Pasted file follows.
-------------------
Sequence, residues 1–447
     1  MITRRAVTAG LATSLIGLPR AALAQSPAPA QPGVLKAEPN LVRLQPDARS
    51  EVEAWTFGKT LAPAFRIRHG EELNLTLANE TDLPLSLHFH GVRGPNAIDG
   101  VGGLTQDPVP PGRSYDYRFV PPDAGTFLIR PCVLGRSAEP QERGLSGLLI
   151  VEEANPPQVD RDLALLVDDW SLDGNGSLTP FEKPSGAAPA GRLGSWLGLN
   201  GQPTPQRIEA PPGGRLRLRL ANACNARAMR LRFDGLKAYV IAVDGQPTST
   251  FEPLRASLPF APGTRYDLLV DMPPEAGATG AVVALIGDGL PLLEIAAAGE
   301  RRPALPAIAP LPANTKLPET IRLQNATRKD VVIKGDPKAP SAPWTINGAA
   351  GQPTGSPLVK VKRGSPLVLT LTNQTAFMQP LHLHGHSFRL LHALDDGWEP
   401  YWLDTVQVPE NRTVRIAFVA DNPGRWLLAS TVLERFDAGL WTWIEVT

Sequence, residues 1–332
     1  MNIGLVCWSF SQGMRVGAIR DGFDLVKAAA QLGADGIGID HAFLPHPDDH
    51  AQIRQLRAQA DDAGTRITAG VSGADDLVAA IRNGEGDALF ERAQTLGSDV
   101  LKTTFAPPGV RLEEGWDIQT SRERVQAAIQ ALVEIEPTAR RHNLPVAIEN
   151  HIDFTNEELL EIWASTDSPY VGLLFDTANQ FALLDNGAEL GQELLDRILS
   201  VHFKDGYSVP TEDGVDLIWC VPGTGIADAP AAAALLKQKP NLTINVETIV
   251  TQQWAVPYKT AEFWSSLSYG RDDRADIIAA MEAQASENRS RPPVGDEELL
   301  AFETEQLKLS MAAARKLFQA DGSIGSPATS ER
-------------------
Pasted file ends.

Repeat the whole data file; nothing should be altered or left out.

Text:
Sequence, residues 1–447
     1  MITRRAVTAG LATSLIGLPR AALAQSPAPA QPGVLKAEPN LVRLQPDARS
    51  EVEAWTFGKT LAPAFRIRHG EELNLTLANE TDLPLSLHFH GVRGPNAIDG
   101  VGGLTQDPVP PGRSYDYRFV PPDAGTFLIR PCVLGRSAEP QERGLSGLLI
   151  VEEANPPQVD RDLALLVDDW SLDGNGSLTP FEKPSGAAPA GRLGSWLGLN
   201  GQPTPQRIEA PPGGRLRLRL ANACNARAMR LRFDGLKAYV IAVDGQPTST
   251  FEPLRASLPF APGTRYDLLV DMPPEAGATG AVVALIGDGL PLLEIAAAGE
   301  RRPALPAIAP LPANTKLPET IRLQNATRKD VVIKGDPKAP SAPWTINGAA
   351  GQPTGSPLVK VKRGSPLVLT LTNQTAFMQP LHLHGHSFRL LHALDDGWEP
   401  YWLDTVQVPE NRTVRIAFVA DNPGRWLLAS TVLERFDAGL WTWIEVT

Sequence, residues 1–332
     1  MNIGLVCWSF SQGMRVGAIR DGFDLVKAAA QLGADGIGID HAFLPHPDDH
    51  AQIRQLRAQA DDAGTRITAG VSGADDLVAA IRNGEGDALF ERAQTLGSDV
   101  LKTTFAPPGV RLEEGWDIQT SRERVQAAIQ ALVEIEPTAR RHNLPVAIEN
   151  HIDFTNEELL EIWASTDSPY VGLLFDTANQ FALLDNGAEL GQELLDRILS
   201  VHFKDGYSVP TEDGVDLIWC VPGTGIADAP AAAALLKQKP NLTINVETIV
   251  TQQWAVPYKT AEFWSSLSYG RDDRADIIAA MEAQASENRS RPPVGDEELL
   301  AFETEQLKLS MAAARKLFQA DGSIGSPATS ER